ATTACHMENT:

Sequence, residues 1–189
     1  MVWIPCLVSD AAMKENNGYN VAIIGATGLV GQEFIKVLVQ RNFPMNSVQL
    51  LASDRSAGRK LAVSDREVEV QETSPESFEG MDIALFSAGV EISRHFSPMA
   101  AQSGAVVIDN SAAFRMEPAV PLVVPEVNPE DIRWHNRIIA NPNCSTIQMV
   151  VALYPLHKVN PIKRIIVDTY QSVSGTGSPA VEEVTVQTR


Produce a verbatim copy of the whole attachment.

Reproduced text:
Sequence, residues 1–189
     1  MVWIPCLVSD AAMKENNGYN VAIIGATGLV GQEFIKVLVQ RNFPMNSVQL
    51  LASDRSAGRK LAVSDREVEV QETSPESFEG MDIALFSAGV EISRHFSPMA
   101  AQSGAVVIDN SAAFRMEPAV PLVVPEVNPE DIRWHNRIIA NPNCSTIQMV
   151  VALYPLHKVN PIKRIIVDTY QSVSGTGSPA VEEVTVQTR